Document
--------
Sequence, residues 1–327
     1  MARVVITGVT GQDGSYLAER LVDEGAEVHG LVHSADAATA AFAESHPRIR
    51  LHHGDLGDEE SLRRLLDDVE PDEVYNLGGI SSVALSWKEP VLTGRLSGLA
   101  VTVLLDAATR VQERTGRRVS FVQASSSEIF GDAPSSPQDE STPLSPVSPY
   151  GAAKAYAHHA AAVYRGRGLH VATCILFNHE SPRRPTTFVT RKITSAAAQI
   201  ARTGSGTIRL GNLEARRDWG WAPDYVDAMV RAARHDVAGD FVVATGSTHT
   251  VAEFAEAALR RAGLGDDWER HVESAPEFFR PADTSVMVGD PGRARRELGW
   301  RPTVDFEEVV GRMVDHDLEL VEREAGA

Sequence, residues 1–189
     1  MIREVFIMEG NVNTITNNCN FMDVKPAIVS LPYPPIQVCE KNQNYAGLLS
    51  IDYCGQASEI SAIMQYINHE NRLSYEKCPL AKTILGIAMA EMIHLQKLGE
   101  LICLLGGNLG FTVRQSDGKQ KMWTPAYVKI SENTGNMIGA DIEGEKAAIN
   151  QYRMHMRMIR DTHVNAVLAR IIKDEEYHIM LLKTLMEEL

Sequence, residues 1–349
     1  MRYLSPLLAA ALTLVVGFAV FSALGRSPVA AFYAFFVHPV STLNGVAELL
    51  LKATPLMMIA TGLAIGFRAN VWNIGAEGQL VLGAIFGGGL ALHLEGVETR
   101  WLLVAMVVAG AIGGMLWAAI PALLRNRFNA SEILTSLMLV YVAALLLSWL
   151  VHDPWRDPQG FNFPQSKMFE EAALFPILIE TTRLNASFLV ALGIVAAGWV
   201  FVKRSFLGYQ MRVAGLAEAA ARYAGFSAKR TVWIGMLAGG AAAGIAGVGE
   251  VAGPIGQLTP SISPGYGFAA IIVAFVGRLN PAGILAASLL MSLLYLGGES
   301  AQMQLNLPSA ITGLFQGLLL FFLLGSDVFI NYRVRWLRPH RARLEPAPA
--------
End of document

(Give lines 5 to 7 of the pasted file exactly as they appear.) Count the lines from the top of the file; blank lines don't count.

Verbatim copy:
   151  GAAKAYAHHA AAVYRGRGLH VATCILFNHE SPRRPTTFVT RKITSAAAQI
   201  ARTGSGTIRL GNLEARRDWG WAPDYVDAMV RAARHDVAGD FVVATGSTHT
   251  VAEFAEAALR RAGLGDDWER HVESAPEFFR PADTSVMVGD PGRARRELGW